Kia ora koutou
With the plethora of fascinating information relevant for the public service available, it is always a challenge (and pleasure) to decide what to share with you.
We take notice of ideas from our members and this week we have included a lighthearted article about “nudging” which we found in a source recommended by one reader. Thanks!
The Public Service Act is top of mind as we move into implementation. In this e-update, collaboration and stewardship are at the forefront, and we will pursue these two subjects in multiple ways in the next six months.
In the “what we are reading section”, we quote the work by Koi Tū on capacity in the public sector to do futures work, and the future challenges for the public sector. We link to the full paper.
We also give you a good framework for thinking about futures.
Shenagh Gleisner, Executive Director
All Westminster Systems Confront the Principle of Ministerial Responsibility
Recently we shared a brief explanation of ministerial responsibility. On that subject, you may have followed the challenges in the UK system around the exam fiasco and the Public Health England failures. Two very senior public servants resigned from the education sector and official structures were dismantled in the health sector.
In this blog from the Institute of Government the author briefly describes the circumstances. Two quotes struck us as particularly relevant:
“requiring a permanent secretary [the equivalent of a public service CE] to step down does not remove the responsibility from Minister” and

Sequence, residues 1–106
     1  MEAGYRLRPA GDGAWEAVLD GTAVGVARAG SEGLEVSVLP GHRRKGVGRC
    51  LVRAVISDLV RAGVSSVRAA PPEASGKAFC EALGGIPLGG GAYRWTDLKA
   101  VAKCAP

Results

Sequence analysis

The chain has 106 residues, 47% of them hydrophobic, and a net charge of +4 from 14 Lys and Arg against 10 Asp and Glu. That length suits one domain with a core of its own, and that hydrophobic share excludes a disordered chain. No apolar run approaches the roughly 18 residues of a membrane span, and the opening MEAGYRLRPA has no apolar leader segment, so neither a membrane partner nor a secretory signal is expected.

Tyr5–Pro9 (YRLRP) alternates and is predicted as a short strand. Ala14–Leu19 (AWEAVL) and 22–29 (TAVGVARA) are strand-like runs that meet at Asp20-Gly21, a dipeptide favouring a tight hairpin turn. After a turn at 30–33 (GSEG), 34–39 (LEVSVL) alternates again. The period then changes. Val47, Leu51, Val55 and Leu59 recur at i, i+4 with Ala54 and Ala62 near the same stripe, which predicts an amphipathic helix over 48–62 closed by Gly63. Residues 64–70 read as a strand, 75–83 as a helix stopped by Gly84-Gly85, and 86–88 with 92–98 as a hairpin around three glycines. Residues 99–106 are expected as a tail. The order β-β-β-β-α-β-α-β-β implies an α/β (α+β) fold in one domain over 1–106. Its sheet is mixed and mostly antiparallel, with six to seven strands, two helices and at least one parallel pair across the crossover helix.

“taking responsibility is not the same as achieving effective accountability …. When it works well, accountability is not just about apportioning blame, but promoting improvement in how government works, promoting citizens’ confidence in their government and increasing the wider legitimacy of the public sector”.
Nudging and Social Marketing
Our members have shown some interest in the notion of “nudging”. Writers on this subject point out that there are multiple forces impacting decision making. People make decisions for example by habit, or impulse, irrational or rational thinking. Experts argue that it is possible to use nudges to influence behaviour but that individual nudges might not be sufficient to create more extensive social change.
This article gives some nice examples of effective nudges — you will be able to think of more that influence your behaviour. It also describes an effective social marketing campaign in Thailand focusing on family planning and HIV/Aids prevention, with a many references to condoms, which won a Gates award for population health.
This short article might make you think (both positively and negatively!) about the public service role in encouraging social change.